Texas Hill Country landowners fight Kinder Morgan pipeline
FREDERICKSBURG — Hank Sauer reminisces about the 18 years he’s owned these 45 acres a few miles south of Fredericksburg — hunting deer with his now-17-year-old grandson, spending holidays there with the family, and dreaming of spending the rest of his days with his wife on the land.
Until last year, the retired health care administrator, 84, lived on the property with his wife. But she suffered health problems, and the couple moved into an assisted-living facility in San Antonio.
Sauer is worried that a natural gas pipeline proposed by Houston-based Kinder Morgan, one of the largest pipeline companies in the country, will reduce his land’s value. He’d been looking to sell the property, but said he recently pulled it off the market because interest dropped off after Kinder Morgan announced the project. He was seeking to sell the land for just under $1 million.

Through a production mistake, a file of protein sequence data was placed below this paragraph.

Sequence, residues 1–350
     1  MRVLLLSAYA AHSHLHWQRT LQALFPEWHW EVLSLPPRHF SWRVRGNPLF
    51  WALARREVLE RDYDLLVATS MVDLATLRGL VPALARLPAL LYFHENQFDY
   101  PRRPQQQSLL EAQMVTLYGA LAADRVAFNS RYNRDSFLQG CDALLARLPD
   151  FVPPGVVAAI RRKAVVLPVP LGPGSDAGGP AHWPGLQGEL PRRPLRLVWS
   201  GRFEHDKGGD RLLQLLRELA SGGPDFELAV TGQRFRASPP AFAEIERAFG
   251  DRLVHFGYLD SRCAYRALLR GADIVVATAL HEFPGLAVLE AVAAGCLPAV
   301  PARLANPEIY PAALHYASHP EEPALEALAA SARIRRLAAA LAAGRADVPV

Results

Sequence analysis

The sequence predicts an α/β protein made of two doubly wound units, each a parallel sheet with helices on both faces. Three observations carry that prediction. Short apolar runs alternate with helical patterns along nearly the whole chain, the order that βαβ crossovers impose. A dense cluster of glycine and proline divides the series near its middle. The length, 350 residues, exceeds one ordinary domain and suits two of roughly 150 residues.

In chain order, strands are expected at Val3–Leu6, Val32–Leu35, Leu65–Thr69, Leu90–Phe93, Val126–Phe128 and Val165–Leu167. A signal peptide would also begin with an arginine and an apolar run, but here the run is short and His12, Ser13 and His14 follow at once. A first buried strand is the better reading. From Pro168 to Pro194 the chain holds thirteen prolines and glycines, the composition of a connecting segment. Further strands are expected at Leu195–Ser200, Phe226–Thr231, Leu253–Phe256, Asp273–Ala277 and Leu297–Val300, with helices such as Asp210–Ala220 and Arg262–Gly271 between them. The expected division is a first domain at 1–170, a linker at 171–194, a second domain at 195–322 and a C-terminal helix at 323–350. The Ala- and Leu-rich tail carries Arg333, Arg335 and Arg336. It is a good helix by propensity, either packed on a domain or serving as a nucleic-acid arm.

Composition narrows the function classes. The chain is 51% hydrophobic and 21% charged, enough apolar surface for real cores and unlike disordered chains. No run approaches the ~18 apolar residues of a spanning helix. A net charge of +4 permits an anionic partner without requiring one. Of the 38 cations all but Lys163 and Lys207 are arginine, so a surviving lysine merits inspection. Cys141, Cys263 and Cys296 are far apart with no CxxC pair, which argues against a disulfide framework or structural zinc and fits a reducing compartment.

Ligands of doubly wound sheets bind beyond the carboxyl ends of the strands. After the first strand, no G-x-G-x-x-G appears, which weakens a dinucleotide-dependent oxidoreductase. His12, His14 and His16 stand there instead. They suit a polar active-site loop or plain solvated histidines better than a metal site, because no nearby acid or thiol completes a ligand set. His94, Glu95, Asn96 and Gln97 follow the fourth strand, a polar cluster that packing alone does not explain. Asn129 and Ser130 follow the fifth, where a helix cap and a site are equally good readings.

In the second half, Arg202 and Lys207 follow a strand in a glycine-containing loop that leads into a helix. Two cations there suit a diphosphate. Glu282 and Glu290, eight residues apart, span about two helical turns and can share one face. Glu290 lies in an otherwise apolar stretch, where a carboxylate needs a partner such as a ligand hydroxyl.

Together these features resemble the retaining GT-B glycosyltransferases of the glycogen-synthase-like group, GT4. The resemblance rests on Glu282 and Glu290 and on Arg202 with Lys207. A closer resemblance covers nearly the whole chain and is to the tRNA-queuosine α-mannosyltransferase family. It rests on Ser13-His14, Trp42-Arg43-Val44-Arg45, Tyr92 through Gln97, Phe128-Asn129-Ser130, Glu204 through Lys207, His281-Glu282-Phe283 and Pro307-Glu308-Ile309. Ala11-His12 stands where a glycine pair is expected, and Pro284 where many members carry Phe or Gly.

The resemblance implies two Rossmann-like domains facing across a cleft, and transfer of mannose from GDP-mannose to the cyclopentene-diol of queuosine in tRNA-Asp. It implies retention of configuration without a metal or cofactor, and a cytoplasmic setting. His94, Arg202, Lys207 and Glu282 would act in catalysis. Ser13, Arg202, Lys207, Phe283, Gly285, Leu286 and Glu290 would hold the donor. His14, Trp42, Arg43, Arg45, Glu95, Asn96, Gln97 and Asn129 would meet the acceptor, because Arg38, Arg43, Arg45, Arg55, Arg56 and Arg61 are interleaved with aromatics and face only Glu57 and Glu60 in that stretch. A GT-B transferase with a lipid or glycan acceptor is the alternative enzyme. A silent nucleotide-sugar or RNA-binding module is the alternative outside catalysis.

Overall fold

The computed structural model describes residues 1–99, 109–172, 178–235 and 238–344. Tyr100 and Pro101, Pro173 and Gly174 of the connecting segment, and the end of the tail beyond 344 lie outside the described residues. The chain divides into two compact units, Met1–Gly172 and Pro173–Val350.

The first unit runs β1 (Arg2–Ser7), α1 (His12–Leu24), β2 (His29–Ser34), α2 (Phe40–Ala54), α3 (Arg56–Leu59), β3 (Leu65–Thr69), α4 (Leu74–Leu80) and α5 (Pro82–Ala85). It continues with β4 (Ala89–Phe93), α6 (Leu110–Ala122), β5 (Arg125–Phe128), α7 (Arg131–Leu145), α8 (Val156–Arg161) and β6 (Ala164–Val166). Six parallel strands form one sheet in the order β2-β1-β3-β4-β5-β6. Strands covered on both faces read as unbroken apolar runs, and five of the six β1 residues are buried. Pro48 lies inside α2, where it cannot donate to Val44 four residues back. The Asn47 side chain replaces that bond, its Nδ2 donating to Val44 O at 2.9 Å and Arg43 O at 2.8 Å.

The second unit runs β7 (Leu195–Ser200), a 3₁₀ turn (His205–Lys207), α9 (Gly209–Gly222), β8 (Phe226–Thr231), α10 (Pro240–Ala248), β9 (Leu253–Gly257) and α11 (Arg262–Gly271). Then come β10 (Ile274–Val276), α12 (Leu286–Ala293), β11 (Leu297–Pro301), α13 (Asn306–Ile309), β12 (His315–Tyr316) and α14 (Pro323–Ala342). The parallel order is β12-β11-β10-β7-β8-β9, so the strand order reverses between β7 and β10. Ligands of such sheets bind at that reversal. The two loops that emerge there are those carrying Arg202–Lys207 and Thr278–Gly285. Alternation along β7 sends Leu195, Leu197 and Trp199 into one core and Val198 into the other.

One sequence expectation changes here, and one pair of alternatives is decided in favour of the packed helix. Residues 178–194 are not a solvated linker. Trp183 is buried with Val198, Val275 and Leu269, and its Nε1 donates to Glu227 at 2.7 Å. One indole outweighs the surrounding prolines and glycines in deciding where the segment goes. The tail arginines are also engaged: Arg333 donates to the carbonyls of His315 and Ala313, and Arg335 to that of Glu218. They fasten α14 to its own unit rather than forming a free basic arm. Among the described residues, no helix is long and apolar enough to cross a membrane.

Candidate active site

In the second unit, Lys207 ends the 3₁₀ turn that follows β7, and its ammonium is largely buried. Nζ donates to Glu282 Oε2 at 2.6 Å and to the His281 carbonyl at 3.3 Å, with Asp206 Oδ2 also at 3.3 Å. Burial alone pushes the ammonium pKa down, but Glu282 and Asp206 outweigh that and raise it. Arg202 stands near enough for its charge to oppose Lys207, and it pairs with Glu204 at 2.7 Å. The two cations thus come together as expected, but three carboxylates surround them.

The planned $2 billion pipeline would run 430 miles from the booming Permian Basin oil and gas field in West Texas to a location near the Houston suburb of Katy. The Permian Highway pipeline would cut through the rolling landscape of the Hill Country and Hays County, the second-fastest-growing county in Texas.
“We have no ill will toward pipelines — they’re needed. But put them somewhere where they’re not going to destroy lives and destroy people’s communities,” said Sauer, who describes himself as “very conservative.”
Kinder Morgan is surveying the possible route and lining up agreements with property owners. If the company receives the necessary permits and approvals, it wants to start construction by this fall and open the pipeline at the end of 2020. Agencies that will review the project include the Texas Railroad Commission, U.S. Fish and Wildlife Service, U.S. Army Corps of Engineers and the Texas Commission on Environmental Quality.
Read more from Rye Druzin with San Antonio Express-News here.